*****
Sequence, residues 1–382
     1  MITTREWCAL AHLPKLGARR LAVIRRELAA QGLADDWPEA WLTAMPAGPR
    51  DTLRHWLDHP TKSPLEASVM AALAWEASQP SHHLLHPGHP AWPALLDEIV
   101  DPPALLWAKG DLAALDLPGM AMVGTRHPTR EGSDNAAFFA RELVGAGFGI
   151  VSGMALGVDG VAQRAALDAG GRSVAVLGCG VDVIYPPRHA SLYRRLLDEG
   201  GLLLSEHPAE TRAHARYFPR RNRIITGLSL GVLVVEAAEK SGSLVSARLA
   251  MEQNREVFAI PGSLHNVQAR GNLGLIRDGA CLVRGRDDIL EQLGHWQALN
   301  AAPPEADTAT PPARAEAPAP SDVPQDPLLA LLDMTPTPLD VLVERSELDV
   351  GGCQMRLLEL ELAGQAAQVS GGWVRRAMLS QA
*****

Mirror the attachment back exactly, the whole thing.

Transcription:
Sequence, residues 1–382
     1  MITTREWCAL AHLPKLGARR LAVIRRELAA QGLADDWPEA WLTAMPAGPR
    51  DTLRHWLDHP TKSPLEASVM AALAWEASQP SHHLLHPGHP AWPALLDEIV
   101  DPPALLWAKG DLAALDLPGM AMVGTRHPTR EGSDNAAFFA RELVGAGFGI
   151  VSGMALGVDG VAQRAALDAG GRSVAVLGCG VDVIYPPRHA SLYRRLLDEG
   201  GLLLSEHPAE TRAHARYFPR RNRIITGLSL GVLVVEAAEK SGSLVSARLA
   251  MEQNREVFAI PGSLHNVQAR GNLGLIRDGA CLVRGRDDIL EQLGHWQALN
   301  AAPPEADTAT PPARAEAPAP SDVPQDPLLA LLDMTPTPLD VLVERSELDV
   351  GGCQMRLLEL ELAGQAAQVS GGWVRRAMLS QA